GEORGE W. BUSH, PRESIDENT OF THE UNITED STATES: My questions to him will be what do we need to do to succeed? What is your strategy in dealing with the sectarian violence?

I will assure him that we'll continue to pursue Al Qaeda to make sure they're unable to establish a safe haven in Iraq. I will ask him, what is required? And what is your strategy to be a country which can govern itself, and sustain itself. And it's going to be an important meeting. And I'm looking forward to it.


M. O'BRIEN: We'll be monitoring the president's trip and we'll be checking in with CNN correspondents on the road with him, all throughout the morning -- Soledad.

S. O'BRIEN: Here at home, New York's Mayor is calling it unacceptable. Michael Bloomberg joining the chorus of concern over the shooting of that young groom-to-be. The young man died in a hail of bullets which were fired by five NYPD officers. Deborah Feyerick brings us the very latest on the case.

Good morning.


This morning the mayor will continue meeting with community leaders throughout New York City. While he has not condemned the officers, he has not backed them, either. And CNN just learned this morning that at least two security cameras that could have captured the events didn't work.


FEYERICK (voice over): It happened in less than a minute; 50 shots fired by five cops and three unarmed men wrapping up a bachelor party.

MAYOR MICHAEL BLOOMBERG, NEW YORK CITY: It is, to me, unacceptable or inexplicable how you can have 50 odd shots fired.

FEYERICK: It's unclear when all the shooting started, whether it was before or after the car, driven by the men, hit an undercover cop and an unmarked police van. But of the 50 shots fired, 31 were by a single officer.

BLOOMBERG: It sounds to me like excessive force was used.

FEYERICK: Also unclear whether the undercover cop, dressed in street gear, identified himself as a police officer when he pulled his 9 millimeter semi-automatic.

The relative of one victim, shot three times, says the men in the car thought they were under attack.

SHAMEL O'NEAL, SHOOTING VICTIM BENEFIELD'S COUSIN: They feared for their lives. They didn't know that they was cops.

FEYERICK: No gun was found and the shell casings at the scene all matched the officers' weapons. So why, then, did five officers, who never before fired their weapons on duty, all start shooting? One theory, a phenomenon some experts call "contagious shooting", in which one officer opens fire, and it quickly spreads among fellow officers.

EDWARD MAMET, FMR. NYPD CAPTAIN: It has to do usually when a person feels threatened and shoots. And the people around them feel threatened as well, and in defense of that person, whether it's a police officer or a soldier, will fire also. It's sort of like a Pavlovian response. It's automatic. It's not intentional.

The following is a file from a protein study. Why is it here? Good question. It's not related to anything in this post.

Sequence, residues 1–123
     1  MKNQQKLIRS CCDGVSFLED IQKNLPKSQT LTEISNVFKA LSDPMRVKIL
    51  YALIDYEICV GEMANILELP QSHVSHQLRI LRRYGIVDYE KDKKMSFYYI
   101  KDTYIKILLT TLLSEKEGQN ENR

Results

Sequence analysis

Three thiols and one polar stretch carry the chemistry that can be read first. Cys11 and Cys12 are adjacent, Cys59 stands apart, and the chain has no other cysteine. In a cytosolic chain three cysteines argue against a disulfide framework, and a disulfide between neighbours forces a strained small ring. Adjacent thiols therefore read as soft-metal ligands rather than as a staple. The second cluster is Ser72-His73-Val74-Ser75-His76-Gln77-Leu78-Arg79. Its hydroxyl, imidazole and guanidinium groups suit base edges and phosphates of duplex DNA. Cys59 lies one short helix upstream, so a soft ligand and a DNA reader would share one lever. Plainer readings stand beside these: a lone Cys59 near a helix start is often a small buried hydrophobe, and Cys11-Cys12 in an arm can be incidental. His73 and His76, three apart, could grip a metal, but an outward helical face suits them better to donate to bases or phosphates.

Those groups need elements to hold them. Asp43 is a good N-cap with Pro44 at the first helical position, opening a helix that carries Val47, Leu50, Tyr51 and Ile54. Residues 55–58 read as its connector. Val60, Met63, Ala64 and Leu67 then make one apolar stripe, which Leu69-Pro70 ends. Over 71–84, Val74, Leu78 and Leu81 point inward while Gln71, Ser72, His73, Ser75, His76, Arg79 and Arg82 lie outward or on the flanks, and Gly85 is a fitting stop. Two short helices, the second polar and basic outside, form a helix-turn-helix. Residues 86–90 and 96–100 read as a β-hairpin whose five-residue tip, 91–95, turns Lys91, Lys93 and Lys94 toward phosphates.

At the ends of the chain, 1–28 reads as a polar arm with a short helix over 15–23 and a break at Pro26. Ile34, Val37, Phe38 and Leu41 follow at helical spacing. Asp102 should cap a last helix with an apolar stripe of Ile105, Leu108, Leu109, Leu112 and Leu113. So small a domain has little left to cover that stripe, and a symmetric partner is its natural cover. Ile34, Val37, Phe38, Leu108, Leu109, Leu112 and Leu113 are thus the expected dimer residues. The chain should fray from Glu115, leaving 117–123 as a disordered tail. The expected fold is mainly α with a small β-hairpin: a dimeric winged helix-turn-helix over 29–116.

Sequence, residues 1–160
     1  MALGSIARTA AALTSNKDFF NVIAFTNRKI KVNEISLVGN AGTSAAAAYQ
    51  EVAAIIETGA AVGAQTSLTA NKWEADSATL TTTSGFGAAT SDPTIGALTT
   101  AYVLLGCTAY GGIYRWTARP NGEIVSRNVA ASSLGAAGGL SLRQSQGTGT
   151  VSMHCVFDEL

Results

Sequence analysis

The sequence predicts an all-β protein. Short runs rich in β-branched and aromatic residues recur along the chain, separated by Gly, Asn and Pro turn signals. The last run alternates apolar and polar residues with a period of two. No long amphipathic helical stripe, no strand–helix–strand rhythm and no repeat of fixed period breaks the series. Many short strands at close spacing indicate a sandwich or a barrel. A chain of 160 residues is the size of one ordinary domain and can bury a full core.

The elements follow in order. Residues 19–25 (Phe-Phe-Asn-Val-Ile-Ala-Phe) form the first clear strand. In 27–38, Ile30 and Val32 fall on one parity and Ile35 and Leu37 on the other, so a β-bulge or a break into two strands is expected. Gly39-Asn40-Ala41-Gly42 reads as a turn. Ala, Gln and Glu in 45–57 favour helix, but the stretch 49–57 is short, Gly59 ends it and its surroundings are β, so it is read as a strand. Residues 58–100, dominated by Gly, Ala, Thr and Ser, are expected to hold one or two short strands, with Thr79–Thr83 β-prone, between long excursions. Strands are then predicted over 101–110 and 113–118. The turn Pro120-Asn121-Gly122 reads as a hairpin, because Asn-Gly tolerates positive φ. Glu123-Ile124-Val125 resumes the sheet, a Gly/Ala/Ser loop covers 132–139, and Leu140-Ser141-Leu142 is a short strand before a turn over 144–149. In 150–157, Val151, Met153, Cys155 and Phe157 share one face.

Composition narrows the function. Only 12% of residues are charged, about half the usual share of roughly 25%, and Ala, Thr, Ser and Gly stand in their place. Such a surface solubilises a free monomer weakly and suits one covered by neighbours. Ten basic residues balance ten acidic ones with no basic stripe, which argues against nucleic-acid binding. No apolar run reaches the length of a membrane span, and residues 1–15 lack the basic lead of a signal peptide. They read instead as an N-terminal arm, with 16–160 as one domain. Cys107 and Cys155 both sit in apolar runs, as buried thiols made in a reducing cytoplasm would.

FEYERICK: New York City's Police Commissioner Ray Kelly admitted contagious shooting does happen, which is why officers are trained to fire three times, stop, and assess the situation.

RAY KELLY, COMMISSIONER, NYPD: It is a phenomenon that does happen in policing. There is no question about and we try to guard against it with training, actually, on the range.


FEYERICK: Now, prosecutors will also look at whether alcohol played a role. Undercover cops are allowed two drinks to protect their cover while on duty. The medical examiner will see if the groom, who was in the car, may have also been impaired. The officers did turn in their guns and are on paid leave while prosecutors sort through evidence to see if criminal charges will be fired, Soledad.

S. O'BRIEN: So is there any sense that this is -- that all the police officers didn't realize that they were all police officers? You have the one who is undercover, you have an officer who is in the mini van, you have the officer who is in the Toyota Camry. Did they all know they were sort of working the case together? Or did they not realize that they were all together?

FEYERICK: They did know they were working the case together. But what happened is, when one person started firing, nobody knew where the shots were coming from. So, it appears that the men who were in the car, while the officers may have thought the shots were coming from the inside of the car. It could have been that the police on the outside was shooting through the car. And that's what triggered it.

Also the people in the car may not have realized that, in fact, they were being fired upon by police. They may have just thought it was just these bad guys who they had had a confrontation with inside the club.

S. O'BRIEN: Because nobody was marked. Nobody was wearing any kind of -- something that they could see --

FEYERICK: Nobody was wearing -- it's not clear whether the badges were actually visible. Again, it's dark. It's 4 o'clock in the morning. They've been in a club all night. So, to spot that one badge, you'd have to have pretty good eyes.

S. O'BRIEN: Thanks very much. Deb Feyerick with an update on this story. Big story here in New York City.